Zafar says he will focus primarily on “pushing open doors” — on matters where cooperation is likely. Two of the State faith office’s top priorities are climate change and entrepreneurship. Another priority (which Pandith focused on as well) is promoting “the creative economy” in Muslim communities overseas, helping them powerfully tell stories through film or art that may help further U.S. foreign policy goals.

Zafar will be in Los Angeles in a few weeks to meet with filmmakers who can help storytellers abroad.

The white board in his office where he brainstorms is topped with cultural themes: “sports, Hollywood.”

Another priority is also a basic goal of U.S. policy: to promote religious freedom overseas. This year has been a parade of nightmare stories about the treatment of Muslim and non-Muslim minorities in countries across the Middle East in particular.

Zafar is likely to find willing allies, particularly among conservatives, on the topic of Christian persecution.

Zafar has reason to see open doors. Despite all the anxiety of the past decade, U.S. Muslims are by far the most supportive American faith group of Zafar’s boss: Seventy-two percent of American Muslims told Gallup this summer they approved of the job President Obama is doing, nearly 20 percent higher than the next group. Globally, confidence in Obama’s foreign policy is lowest in Muslim-dominated areas of the Middle East (including Pakistan, the Palestinian territories, Jordan, Turkey and Egypt), but outside of that region, the story is different. In Indonesia, with the largest Muslim population, 60 percent of people have confidence in Obama. In Bangladesh, the figure is 74 percent, and in Nigeria (which is 50 percent Muslim) it is 53 percent.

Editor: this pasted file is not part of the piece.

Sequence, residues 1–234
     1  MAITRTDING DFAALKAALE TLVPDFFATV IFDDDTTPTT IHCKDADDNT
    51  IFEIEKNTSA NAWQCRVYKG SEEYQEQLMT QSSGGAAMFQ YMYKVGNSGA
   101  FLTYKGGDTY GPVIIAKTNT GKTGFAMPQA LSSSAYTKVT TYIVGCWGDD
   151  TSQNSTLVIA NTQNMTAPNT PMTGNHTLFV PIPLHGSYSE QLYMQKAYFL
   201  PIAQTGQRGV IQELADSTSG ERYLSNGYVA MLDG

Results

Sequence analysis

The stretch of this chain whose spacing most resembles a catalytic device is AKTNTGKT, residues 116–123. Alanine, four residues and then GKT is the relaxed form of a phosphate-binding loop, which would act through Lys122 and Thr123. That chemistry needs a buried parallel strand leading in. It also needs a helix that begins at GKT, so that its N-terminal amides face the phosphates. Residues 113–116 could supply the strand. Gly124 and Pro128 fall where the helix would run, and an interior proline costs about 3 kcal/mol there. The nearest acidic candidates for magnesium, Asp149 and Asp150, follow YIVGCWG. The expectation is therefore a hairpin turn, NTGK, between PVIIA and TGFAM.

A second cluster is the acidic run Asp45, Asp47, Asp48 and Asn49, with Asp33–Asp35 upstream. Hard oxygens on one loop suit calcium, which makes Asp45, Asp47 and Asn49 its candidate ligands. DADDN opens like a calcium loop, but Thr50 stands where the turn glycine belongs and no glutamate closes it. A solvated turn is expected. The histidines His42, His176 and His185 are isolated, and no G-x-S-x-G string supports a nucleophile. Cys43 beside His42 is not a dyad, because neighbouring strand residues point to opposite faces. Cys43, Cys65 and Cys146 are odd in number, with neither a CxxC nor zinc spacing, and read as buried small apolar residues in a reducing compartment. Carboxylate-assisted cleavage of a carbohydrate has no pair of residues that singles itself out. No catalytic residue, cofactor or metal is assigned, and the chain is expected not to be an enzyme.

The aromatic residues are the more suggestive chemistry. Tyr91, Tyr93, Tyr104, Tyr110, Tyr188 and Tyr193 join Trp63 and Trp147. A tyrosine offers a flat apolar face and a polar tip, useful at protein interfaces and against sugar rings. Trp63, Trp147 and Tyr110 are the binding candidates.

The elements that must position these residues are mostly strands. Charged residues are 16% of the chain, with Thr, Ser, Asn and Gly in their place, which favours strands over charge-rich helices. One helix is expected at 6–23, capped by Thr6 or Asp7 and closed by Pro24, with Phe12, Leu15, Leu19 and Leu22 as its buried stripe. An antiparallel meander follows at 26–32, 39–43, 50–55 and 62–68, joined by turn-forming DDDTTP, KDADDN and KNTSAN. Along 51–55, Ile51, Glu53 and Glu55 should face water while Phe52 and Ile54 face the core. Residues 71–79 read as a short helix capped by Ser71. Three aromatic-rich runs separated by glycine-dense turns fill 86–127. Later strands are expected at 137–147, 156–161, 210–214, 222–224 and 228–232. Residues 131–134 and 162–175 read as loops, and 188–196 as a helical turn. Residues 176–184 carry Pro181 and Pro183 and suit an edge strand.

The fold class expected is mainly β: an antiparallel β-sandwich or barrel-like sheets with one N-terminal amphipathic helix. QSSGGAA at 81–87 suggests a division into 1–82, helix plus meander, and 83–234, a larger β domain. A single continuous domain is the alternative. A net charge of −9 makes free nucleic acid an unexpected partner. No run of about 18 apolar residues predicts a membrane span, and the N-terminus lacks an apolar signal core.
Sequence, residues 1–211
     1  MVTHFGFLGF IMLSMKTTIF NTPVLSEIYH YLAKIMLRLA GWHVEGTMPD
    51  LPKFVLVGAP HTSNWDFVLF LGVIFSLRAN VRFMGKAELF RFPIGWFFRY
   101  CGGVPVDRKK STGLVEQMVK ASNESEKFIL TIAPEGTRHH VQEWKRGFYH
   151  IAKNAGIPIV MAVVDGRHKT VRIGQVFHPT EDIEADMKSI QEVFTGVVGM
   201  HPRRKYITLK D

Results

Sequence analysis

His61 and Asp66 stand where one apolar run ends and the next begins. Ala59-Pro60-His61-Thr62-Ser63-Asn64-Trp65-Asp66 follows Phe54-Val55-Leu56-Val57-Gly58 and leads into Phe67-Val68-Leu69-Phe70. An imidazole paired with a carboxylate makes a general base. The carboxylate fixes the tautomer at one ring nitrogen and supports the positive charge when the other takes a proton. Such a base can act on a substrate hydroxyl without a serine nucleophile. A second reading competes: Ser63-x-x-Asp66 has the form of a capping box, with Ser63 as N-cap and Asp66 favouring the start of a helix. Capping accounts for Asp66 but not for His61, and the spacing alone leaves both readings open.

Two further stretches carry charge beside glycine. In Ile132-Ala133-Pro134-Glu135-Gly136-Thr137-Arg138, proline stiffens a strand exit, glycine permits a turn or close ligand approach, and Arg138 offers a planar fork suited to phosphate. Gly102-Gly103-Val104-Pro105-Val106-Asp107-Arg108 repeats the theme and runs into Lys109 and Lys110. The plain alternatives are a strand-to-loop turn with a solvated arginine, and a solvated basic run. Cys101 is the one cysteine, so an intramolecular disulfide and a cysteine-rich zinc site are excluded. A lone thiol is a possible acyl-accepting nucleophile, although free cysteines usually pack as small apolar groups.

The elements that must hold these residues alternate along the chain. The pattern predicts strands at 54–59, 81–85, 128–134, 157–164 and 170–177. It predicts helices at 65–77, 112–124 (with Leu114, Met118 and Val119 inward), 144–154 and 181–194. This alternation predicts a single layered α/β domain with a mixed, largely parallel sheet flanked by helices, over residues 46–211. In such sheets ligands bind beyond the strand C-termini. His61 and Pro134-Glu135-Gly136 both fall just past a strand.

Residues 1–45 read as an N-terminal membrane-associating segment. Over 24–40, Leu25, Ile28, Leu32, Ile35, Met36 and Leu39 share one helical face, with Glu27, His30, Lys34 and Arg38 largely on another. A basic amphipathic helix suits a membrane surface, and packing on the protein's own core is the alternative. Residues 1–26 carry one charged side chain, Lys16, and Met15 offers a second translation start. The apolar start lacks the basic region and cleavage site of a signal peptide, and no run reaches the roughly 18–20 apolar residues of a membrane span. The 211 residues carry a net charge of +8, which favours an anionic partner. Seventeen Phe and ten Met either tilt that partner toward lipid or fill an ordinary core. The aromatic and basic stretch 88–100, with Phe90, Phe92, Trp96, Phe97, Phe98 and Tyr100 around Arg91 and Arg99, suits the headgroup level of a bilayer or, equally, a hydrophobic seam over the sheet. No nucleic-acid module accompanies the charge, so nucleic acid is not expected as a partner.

Not on his list: Discussing hot topics such as the U.S.-launched war in Iraq or U.S. policy on Israel. But Zafar knows these are the most important issues for millions of Muslims overseas. While he worked since 2004 for domestic agencies (including the departments of Justice and Homeland Security), he was often asked about foreign policy by American Muslims as well as by people when he’d travel overseas.

This week, he recalled being sent to the Central Asian nation of Kyrgyzstan several years ago to talk up the U.S. view of civil rights and his work in a Justice Department office that focused on combating post-Sept. 11 backlash against minorities such as Muslims and Sikhs.

“They didn’t want to talk about that,” he said. “They were very upset about the war in Iraq. It was very tense. I’d say, ‘That’s not my area of expertise.’ You have to be prepared to get yelled at, but if you can hold firm and keep at it, by the end we were taking photos and having tea. If you keep at it — it can’t be one-and-done.”

Yet Zafar did not go back to Kyrgyzstan.

Despite his daunting portfolio, Zafar appears idealistic and upbeat. “People will have strongly held views” on controversial foreign policy issues where there is division and he doesn’t have much influence, Zafar said. “But I can’t focus only on discussing those issues, because there are enormous opportunities in these other areas.”